This is going to Susan's MLLA, where Srivalli is guest hosting the eighteenth helping.

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Thursday, December 3, 2009

Moong Dal Dosas



Moongdal dosa is a nutritious, 'no ferment' kind dosa which I keep in reserve for lazy weekends. I soak moongdal the previous night and grind it in the morning. In this way, I will have ready to go batter within five minutes.

List of ingredients:
1 cup moongdal 
1 tsp salt
6 red chillies
1/2 cup fresh coconut, shredded (if using frozen variety, thaw it)
1 cup finely minced onion (optional)
Canola / peanut oil to make dosas

For extra flavor, a piece of ginger, few curry leaves and a tsp of cumin seeds can be added while grinding the batter.

Making dosas:
Soak moongdal in water for a couple of hours*. Then grind it along with other ingredients into a coarse batter, adding about a cup of water. It doesn't take much time to grind this batter. If using, add the minced onion to the batter and mix well.
Heat a tawa / shallow pan. Sprinkle a little water on the pan and if it sizzles and evaporates, then the pan is ready for dosas. Pour about 1/4 cup or a ladleful of batter at the center of the pan and spread into a thin circle. Spread 1/2 tsp of oil around the edges and roast until it turns golden brown. Then flip it, spread the oil again and let it cook on the other side as well. Repeat the same with the remaining batter.
Serve with chutney.

Photobucket

* To speed up the process of soaking, you can bring the water to a rolling boil, add the dal to it and turn off the stove.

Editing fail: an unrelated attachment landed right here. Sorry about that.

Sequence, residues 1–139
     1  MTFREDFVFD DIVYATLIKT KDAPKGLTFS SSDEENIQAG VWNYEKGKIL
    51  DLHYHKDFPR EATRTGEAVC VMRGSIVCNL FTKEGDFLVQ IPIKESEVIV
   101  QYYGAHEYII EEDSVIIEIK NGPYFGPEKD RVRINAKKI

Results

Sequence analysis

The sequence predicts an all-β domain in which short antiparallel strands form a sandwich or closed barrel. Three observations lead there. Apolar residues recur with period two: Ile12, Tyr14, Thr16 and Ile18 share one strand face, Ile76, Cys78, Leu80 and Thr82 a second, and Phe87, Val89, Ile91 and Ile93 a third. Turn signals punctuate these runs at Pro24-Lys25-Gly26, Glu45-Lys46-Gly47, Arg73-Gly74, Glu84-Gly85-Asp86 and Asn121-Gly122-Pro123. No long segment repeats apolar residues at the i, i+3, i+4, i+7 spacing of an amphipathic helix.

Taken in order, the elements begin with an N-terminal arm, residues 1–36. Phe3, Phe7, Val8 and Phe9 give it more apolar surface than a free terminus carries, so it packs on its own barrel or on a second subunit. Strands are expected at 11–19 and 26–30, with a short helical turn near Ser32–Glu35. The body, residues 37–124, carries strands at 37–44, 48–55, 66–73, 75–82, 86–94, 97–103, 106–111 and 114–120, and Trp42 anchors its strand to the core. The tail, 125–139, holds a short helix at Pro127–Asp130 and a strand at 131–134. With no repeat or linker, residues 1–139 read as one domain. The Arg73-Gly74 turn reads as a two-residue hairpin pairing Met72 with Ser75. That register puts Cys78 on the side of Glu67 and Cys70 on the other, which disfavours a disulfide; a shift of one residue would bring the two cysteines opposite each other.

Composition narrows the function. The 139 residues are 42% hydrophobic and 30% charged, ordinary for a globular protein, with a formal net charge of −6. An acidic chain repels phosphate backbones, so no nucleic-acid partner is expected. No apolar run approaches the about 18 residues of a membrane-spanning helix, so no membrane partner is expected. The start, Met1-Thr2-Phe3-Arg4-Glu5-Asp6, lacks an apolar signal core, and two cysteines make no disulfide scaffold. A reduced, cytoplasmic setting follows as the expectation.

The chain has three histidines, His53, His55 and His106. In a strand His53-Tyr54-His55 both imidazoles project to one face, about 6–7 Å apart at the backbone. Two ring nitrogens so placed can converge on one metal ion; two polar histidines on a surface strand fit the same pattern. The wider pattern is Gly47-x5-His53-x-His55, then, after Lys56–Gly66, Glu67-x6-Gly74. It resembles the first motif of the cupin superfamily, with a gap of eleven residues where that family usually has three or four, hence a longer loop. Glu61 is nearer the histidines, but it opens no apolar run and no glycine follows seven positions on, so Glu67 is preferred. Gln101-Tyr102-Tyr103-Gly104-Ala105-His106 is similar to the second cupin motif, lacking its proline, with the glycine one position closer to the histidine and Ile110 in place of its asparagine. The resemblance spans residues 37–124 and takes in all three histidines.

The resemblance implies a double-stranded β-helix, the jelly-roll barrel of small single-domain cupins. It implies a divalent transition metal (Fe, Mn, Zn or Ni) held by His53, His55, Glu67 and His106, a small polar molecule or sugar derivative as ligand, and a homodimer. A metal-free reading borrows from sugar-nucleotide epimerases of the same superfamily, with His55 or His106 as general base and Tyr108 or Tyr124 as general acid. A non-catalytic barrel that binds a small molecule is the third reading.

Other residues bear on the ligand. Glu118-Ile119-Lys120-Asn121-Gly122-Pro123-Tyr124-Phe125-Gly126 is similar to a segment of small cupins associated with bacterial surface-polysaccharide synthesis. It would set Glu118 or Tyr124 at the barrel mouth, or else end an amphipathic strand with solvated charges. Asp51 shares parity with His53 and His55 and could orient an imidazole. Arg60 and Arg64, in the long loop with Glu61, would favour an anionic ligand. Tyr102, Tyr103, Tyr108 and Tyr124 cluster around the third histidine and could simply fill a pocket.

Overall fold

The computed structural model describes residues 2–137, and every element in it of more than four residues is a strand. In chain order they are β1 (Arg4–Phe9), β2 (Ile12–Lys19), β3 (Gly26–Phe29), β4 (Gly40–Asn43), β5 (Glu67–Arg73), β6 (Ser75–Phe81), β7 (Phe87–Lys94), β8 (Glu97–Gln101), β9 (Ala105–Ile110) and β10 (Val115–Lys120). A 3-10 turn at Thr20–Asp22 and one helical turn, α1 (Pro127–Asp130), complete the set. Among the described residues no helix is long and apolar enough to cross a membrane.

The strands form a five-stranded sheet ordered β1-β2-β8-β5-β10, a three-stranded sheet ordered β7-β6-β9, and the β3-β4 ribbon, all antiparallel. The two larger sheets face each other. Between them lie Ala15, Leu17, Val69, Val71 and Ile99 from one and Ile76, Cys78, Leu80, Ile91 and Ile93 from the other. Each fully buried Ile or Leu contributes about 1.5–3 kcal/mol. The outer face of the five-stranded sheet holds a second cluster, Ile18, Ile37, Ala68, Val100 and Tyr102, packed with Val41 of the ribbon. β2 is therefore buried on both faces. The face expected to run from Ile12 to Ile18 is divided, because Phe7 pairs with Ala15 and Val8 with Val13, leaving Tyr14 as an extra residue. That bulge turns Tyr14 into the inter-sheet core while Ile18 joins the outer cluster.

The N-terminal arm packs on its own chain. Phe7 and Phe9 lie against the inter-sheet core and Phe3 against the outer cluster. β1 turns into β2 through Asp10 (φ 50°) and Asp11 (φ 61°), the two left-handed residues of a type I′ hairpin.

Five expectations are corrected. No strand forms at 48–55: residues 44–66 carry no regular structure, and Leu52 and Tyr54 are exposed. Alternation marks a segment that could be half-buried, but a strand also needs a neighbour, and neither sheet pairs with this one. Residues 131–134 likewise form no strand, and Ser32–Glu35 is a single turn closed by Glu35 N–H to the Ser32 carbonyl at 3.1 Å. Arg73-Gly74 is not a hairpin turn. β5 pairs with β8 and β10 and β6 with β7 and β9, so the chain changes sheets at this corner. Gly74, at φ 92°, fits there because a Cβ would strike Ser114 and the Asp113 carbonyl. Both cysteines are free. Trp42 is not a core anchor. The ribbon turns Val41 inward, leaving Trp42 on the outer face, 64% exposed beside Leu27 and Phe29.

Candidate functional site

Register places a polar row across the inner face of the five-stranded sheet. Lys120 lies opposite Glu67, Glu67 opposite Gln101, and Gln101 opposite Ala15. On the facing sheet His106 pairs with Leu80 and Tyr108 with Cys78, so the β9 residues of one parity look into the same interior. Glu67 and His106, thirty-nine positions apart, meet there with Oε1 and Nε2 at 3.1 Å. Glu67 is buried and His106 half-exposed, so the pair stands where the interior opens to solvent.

This is going to Susan's MLLA, where Srivalli is guest hosting the eighteenth helping.

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Wednesday, December 2, 2009

Aloo Matar

Aloo matar falls under those North Indian style simple, basic  curries which can be served along with rotis / pooris / tortillas. This tempting curry uses the most humble vegetables found in any kitchen and very easy for a novice to try. One will end up with a lip smacking curry by combining the wholesome, filling potatoes, fresh peas and tart tomatoes along with garam masala, the signature spice mix of the region. The use of cumin seeds and cilantro further accentuates the North Indian style cooking, which is quite apart from the cuisine of South where mustard seeds and curry leaves are greatly cherished.



Ingredients needed:
2 potatoes - (about 3 cups after peeling and chopping into cubes)
1 onion - (about 1 cup chopped onion)
3 tomatoes - (2 cups chopped)
Fresh / frozen green peas - 1 cup
Salt - 1.5 tsp
Chili powder - 1 tsp
Garam masala - 1/2 tsp
Oil - 2 tbsp
Cumin seeds - 1 tsp
Turmeric powder - 1/8 tsp
Minced cilantro for garnish (optional)

The cooking part:
 Heat oil in a deep pan or kadai and add cumin seeds. When they sizzle and turn a few shades darker, add the turmeric powder and onion. Fry it on low flame. Add tomatoes and green peas when onion turns translucent. Then keep frying till the tomatoes turn into a mush. Meanwhile, to speed up the process cook potatoes in a microwave* adding water. They need to be tender still holding their shape and not mushy after cooking.
Then add the cooked potatoes, salt, chili powder, garam masala to the onion tomato mixture. Check the taste and add the spices if needed. At this point, a little quantity of water can be added, if gravy is preferred. Let it simmer for about five minutes and then turn off the stove.
Garnish with cilantro.



* Or you can add potatoes along with tomatoes and cook adding water.